YAKIMA, Wash. -- Golfers travel for miles to take on the apple-shaped island green at no. 17 at Apple Tree Golf Course and usually leave impressed by the entire experience.
Architect John Steidel designed the 6,971-yard course in 1992, cutting holes from a century-old apple orchard that continues to grow trees and bear fruit.
Six strong par 4s highlight the more scenic front nine. The first hole drops off a ridge before climbing to an elevated green. The beastly fourth hole bends right, revealing a valley at the foot of an elevated green. The fairway of the par-4 fifth hole cants severely right to left with water near the green. More water guards the approach shot to the seventh green and makes the tee shot on the ninth hole the most intimidating of the day.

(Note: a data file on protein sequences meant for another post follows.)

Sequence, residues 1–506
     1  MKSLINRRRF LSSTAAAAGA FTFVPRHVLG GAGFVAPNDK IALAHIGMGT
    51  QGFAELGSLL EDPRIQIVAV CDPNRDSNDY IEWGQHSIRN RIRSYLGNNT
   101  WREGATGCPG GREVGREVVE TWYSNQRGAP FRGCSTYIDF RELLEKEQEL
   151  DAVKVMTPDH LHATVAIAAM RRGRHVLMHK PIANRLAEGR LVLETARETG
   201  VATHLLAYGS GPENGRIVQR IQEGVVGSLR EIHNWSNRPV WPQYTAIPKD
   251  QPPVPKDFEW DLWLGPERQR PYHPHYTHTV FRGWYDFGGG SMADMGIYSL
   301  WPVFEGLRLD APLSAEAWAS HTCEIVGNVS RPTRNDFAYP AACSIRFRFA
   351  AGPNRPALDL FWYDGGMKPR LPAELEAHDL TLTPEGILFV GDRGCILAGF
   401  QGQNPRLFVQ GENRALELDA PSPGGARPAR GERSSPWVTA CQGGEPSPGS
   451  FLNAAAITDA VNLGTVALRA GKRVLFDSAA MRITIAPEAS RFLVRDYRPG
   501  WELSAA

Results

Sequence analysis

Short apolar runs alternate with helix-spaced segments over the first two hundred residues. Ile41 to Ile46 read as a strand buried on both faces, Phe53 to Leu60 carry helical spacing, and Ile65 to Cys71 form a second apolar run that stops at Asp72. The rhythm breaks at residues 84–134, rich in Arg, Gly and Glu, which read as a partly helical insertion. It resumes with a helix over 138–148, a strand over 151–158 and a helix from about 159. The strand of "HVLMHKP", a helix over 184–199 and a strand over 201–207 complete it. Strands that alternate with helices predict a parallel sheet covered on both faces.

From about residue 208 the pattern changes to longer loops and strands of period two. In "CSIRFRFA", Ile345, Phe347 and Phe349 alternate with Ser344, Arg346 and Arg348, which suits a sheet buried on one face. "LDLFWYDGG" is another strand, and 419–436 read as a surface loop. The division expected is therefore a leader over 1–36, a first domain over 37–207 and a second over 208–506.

Apple Tree's back nine winds through a housing development, although some nice manmade water features spruce up the setting, especially the waterfall at the par-5 14th hole.
Hitting the famous apple green from an elevated tee 180 yards away isn't reason to celebrate. There are plenty of tough putts on the tilted, massive, 14,166-square-foot green.
A tricky risk-reward par 5 ends the round in style. Water off the tee will require most players to lay up. The second shot will ideally land short of a creek, setting up a demanding approach shot to an elevated double green. Misses will roll back to the bottom of the hill below the green or end up in the huge apple-shaped bunker. It's a delicious finish to an inspiring layout.